4. ^ "Former Italian PM to head African Union-UN peacekeeping panel". Romano Prodi website. 12 September 2008. Retrieved 29 June 2010.
  5. ^ Alberto Statera (9 June 2010). "I massoni di sinistra. Nelle logge sono 4mila" [Freemasons of left wing. In the lodges are 4 thousands.]. La Repubblica (in Italian). Archived from the original on 12 June 2010.
  6. ^ "Profile: Romano Prodi". BBC. 10 May 1999. Retrieved 25 February 2007.
  7. ^ Fisher, Ian (12 April 2006). "A tenuous time for Mr. Serenity". International Herald Tribune. Retrieved 25 February 2007.
  8. ^ È morta Flavia Franzoni, moglie di Romano Prodi. Il Sole 24 Ore
  9. ^ Biography of Romano Prodi Archived 11 September 2012 at (in Italian)
  10. ^ Romano Prodi – Onoreficenze Archived 11 September 2012 at
  11. ^ Detta anche Legge Prodi, ha introdotto nel nostro ordinamento l'amministrazione straordinaria delle grandi imprese in crisi
  12. ^ a b "Moro e i segreti, by Paolo Avanti, page at Cronologia italiana history website". Archived from the original on 30 January 2013. Retrieved 5 May 2013.
  13. ^ Agnoli, Francesco (2004). "La seduta spiritica di Prodi e l'omicidio Moro". Salpan (in Italian). Retrieved 10 August 2023.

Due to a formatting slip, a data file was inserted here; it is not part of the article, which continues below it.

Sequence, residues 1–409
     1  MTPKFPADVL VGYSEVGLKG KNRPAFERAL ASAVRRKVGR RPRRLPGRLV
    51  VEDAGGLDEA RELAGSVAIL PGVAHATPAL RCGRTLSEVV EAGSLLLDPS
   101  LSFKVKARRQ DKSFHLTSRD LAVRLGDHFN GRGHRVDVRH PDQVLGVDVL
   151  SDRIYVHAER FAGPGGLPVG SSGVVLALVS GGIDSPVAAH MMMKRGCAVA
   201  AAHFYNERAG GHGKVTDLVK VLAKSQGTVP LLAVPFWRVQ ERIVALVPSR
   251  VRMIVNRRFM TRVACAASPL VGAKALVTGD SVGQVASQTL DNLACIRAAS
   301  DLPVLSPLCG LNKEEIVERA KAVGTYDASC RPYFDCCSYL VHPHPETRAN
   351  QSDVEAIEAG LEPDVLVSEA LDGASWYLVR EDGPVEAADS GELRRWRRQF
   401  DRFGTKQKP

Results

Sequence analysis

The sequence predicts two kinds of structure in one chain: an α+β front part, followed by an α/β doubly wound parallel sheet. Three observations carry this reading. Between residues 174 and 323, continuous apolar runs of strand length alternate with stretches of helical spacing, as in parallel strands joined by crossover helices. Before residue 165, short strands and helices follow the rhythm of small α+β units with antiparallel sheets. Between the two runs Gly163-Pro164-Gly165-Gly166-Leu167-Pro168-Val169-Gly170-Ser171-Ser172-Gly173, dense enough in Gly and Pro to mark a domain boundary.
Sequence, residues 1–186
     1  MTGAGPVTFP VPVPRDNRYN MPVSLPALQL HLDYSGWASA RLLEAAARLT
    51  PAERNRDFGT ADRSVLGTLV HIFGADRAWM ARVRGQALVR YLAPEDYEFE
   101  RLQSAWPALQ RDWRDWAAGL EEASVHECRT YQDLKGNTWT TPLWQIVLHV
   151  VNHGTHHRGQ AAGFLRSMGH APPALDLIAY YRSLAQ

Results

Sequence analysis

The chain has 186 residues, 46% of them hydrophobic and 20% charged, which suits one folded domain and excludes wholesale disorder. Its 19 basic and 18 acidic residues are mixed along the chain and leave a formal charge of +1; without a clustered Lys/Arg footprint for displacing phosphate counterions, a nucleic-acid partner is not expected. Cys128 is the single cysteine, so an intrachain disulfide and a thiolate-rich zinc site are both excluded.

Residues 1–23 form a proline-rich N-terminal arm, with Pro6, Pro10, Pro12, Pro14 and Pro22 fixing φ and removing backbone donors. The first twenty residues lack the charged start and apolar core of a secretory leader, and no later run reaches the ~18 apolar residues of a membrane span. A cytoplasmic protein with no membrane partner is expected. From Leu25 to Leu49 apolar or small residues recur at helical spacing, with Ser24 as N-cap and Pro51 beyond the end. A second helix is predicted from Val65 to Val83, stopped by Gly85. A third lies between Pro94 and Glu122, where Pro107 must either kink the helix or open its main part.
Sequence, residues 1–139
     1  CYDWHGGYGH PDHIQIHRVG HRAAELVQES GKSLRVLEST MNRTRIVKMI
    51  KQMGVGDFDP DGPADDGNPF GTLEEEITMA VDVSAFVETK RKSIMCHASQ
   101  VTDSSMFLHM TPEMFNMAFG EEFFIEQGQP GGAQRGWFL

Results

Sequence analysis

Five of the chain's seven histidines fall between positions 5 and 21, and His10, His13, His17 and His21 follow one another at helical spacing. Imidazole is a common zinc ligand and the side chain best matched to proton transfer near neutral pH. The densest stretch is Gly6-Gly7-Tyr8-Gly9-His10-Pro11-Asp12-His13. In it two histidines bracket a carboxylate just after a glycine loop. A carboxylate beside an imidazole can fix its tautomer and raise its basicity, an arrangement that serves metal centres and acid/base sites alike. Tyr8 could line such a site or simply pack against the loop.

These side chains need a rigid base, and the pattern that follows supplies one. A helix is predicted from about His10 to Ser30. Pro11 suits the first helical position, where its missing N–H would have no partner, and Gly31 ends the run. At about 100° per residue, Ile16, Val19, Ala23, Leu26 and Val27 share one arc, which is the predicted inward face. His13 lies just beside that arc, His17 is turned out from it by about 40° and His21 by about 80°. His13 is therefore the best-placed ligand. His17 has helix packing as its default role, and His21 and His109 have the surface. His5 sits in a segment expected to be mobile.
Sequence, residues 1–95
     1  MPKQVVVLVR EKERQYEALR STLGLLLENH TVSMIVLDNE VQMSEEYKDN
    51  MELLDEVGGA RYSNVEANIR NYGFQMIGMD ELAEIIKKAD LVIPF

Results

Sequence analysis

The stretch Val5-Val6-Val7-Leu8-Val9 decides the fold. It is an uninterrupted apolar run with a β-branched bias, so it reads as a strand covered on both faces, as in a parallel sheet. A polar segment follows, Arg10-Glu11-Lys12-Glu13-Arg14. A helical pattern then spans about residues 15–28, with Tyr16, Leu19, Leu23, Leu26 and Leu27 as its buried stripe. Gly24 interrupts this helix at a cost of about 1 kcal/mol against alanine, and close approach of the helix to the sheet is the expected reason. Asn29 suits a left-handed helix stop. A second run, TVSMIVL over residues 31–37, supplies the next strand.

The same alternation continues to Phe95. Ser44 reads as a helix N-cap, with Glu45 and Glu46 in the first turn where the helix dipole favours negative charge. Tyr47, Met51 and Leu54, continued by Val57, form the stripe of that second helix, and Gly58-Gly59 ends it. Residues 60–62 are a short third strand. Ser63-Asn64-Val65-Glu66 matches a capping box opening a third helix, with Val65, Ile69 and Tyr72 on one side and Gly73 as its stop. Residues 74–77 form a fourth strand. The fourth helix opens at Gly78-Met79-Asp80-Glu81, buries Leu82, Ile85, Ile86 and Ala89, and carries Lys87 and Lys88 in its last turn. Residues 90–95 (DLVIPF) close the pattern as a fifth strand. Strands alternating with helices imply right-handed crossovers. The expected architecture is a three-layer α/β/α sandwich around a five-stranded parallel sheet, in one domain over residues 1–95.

14. ^ Flamigni, Sergio. La tela del ragno. pp. 102–103.
  15. ^ "Pellegrino: un'intelligence a caccia delle carte di Moro, on La Repubblica online website, 28 July 1999". Retrieved 5 May 2013.
  16. ^ Dino Martiniano. "Macchè seduta spiritica per Moro". Corriere della Sera. 12 April 1999.
  17. ^ Commissione parlamentare d'inchiesta sul terrorismo in Italia e sulle cause della mancata individuazione dei responsabili delle stragi, 48th session, interview of Giovanni Moro, 9 March 1999, in Archivio storico del Senato della Repubblica (ASSR), Terrorismo e stragi (X-XIII leg.), 1.48].
  18. ^ a b Willan, Philip (3 August 1999). "Seance points to problem for Prodi". The Guardian. UK. Retrieved 25 February 2007.
  19. ^ "'Multiple attempts' on Litvinenko". BBC. London. 22 January 2007. Archived from the original on 10 May 2008.
  20. ^ "Prodi slams TV over spy claim". Reuters. 23 January 2007. Archived from the original on 12 November 2021. Retrieved 12 November 2021.
  21. ^ Stille, Alexander (11 December 2006). "The Secret Life of Mario Scaramella". Slate. Archived from the original on 20 September 2018. Retrieved 19 July 2023.
  22. ^ "'Così la Mitrokhin indagava su Prodi'". Corriere della Sera (in Italian). 30 November 2006. Retrieved 24 July 2022.
  23. ^ "Mitrokhin, la magistratura indaga, l'Udc prende le distanze". L'Unità (in Italian). 1 December 2006. Archived from the original on 29 September 2007. Retrieved 24 July 2023.
  24. ^ "Commissione parlamentare d'inchiesta concernente il 'dossier Mitrokhin' e l'attività di'intelligence italiana – Relazione di minoranza sull'attività istruttoria svolta sull'operazione Impedian" (PDF) (in Italian). Italian Parliament. 16 December 2004. Retrieved 24 July 2023.
  25. ^ Popham, Peter (28 December 2006). "Scaramella questioned in Rome over arms trafficking allegations". The Independent. London. Archived from the original on 6 September 2008. Retrieved 24 January 2007.
  26. ^ "Archived copy". Archived from the original on 30 September 2007. Retrieved 23 July 2023.((cite web)): CS1 maint: archived copy as title (link)